How to Resocialize a Dog After an Attackby Susan Paretts
An attack by another dog can traumatize a previously socialized pooch, making him fearful or even aggressive around dogs. To prevent this from happening, after your pup heals from his injuries, slowly resocialize Fido to other dogs. Use positive reinforcement, desensitization and counter-conditioning techniques to show your pup that his fellow canines aren't anything to fear, but rather potential friends whose presence results in rewards.
Dogs at a Distance
Start your pup off with a weak, nonthreatening version of the thing he fears, namely other dogs, recommends the American Society for the Prevention of Cruelty to Animals. Play some barking sounds for him or show him dogs on television and give him treats whenever he hears or sees other canines. Have a friend, with a friendly dog, walk by your dog at a distance, while both dogs are on a leash. Each time the dog comes by, treat your pup and speak to him in a happy tone. When the dog walks away, stop the treats and happy talk. Soon Fido will learn that the presence of another dog is something positive.
Up Close and Personal
Once your pup no longer becomes upset by the presence of dogs at a distance, have a friend with a friendly pooch, preferably one he knew before his attack, meet with you. Make sure both dogs are on a leash. Keep the meeting at a neutral location, such as a park or neighbor's yard. Stay calm and talk to your dog in a friendly voice, giving him treats. Don't force him to interact with the other dog. Eventually, he might try to smell the other pooch and you can walk both dogs side-by-side, rewarding friendly interactions, according to the Animal Humane Society. If possible, repeat this process with other friendly dogs.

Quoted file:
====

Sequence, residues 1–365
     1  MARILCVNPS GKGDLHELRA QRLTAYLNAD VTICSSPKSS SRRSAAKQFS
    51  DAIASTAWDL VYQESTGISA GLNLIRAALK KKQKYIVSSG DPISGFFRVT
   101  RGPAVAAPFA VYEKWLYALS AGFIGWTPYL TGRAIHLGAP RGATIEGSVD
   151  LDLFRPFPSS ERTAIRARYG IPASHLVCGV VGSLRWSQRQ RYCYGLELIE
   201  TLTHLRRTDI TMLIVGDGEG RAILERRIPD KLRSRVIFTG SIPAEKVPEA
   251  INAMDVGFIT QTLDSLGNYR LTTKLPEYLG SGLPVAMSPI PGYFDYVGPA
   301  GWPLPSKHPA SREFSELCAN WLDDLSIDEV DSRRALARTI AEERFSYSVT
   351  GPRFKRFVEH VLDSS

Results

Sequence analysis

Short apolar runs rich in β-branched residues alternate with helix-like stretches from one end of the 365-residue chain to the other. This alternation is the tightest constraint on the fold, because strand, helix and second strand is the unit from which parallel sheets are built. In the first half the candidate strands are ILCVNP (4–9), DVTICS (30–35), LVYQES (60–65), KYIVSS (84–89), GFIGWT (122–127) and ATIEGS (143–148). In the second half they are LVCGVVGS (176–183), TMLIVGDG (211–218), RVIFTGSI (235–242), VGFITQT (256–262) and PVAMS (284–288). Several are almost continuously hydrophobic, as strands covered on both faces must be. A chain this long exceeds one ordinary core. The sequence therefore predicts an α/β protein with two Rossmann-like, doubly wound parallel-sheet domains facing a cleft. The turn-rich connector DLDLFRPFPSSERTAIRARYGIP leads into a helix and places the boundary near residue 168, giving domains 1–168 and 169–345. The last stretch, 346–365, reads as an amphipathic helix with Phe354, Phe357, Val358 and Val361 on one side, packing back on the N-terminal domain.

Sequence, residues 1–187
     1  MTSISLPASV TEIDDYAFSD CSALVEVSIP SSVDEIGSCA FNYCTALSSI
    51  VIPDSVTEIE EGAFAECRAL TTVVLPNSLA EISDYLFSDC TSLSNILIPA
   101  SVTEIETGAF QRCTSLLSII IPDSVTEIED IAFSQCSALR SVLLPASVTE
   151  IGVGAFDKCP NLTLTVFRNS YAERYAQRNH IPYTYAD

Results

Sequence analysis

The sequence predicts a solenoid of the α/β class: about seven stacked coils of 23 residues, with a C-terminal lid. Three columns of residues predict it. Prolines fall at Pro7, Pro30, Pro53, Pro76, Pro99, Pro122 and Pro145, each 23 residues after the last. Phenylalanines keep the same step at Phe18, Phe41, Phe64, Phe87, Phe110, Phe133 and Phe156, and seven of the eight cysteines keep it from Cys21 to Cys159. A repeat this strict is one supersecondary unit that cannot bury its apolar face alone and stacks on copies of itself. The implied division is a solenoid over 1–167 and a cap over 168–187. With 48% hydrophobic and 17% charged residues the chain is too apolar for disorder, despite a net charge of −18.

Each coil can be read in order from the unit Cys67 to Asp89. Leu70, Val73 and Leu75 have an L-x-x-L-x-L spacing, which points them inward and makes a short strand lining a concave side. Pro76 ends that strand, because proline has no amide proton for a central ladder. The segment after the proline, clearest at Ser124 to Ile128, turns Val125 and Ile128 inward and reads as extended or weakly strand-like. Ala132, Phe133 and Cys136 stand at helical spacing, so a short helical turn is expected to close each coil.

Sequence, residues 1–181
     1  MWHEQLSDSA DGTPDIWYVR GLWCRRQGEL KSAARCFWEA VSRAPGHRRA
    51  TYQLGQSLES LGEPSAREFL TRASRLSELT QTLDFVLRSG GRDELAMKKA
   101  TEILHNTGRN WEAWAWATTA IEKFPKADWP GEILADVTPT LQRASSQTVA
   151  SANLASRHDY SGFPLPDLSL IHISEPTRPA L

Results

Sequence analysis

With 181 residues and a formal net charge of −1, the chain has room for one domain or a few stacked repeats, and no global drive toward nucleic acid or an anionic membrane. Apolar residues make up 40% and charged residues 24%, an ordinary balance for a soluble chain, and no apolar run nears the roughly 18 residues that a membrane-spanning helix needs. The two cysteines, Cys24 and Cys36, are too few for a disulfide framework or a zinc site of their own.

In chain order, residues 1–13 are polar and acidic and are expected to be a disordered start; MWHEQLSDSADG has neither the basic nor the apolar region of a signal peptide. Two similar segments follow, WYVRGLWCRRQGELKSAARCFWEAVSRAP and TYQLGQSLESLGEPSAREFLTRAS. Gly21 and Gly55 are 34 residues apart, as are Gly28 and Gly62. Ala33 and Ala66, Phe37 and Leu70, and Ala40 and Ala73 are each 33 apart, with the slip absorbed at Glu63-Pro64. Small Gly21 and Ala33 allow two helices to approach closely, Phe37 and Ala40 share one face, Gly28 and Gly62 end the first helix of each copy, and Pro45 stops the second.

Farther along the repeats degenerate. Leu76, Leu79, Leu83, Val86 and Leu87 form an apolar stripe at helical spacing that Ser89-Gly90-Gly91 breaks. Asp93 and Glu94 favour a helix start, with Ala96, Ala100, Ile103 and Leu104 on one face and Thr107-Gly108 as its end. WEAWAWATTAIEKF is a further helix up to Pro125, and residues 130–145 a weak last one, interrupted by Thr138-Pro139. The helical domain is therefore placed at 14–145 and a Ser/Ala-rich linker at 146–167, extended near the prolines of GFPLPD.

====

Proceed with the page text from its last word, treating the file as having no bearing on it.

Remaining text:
If your pup doesn't show signs of aggression around other dogs, consider enrolling him in an obedience class, recommends the Munster Animal Hospital. These classes offer you a way to socialize your dog to other pooches in a controlled environment while engaging his attention in training to distract him during the exposure to these other pups. The trainer present during the sessions can help you deal with any fearful behaviors your pup may display. During training, Fido will focus on you, so that he'll eventually become desensitized to the other dogs around him. For an aggressive dog, find a certified animal behaviorist, who can safely work with you to eliminate this issue.
Avoid punishing your pup for any shy, fearful or aggressive behavior around other dogs after his attack. While you might think that this will discourage such behavior, it actually has the opposite effect. Punishment teaches Fido that the presence of another dog results in further unpleasant experiences such as punishment, yelling or even leash corrections, increasing his fear of them, warns WholeDogJournal.com. While dog parks provide a way to expose your pup to other dogs, these other dogs may not be on a leash or may be aggressive, leading to yet another negative experience for your pup. Instead, stick to socializing your pup to other dogs whose temperaments you know.
- Deseret News: Resocializing Your Dog Takes Patience, Work and Another Dog
- Animal Humane Society: Socializing the Adult Dog
- Whole-Dog-Journal.com: Fighting Fire Without Fire
- Modern Dog Magazine: Ask An Expert -- Dog Park Dog Fight
- American Society for the Prevention of Cruelty to Animals: Dog Parks
- Partnership for Animal Welfare: Dog Tip: Socializing Adult Dogs and the Importance of Maintaining Socialization
- American Society for the Prevention of Cruelty to Animals: Desensitization and Counterconditioning
- Dogster: Socializing Older Dogs and Adult Dogs
- Munster Animal Hospital: Obedience Classes
- Jupiterimages/Polka Dot/Getty Images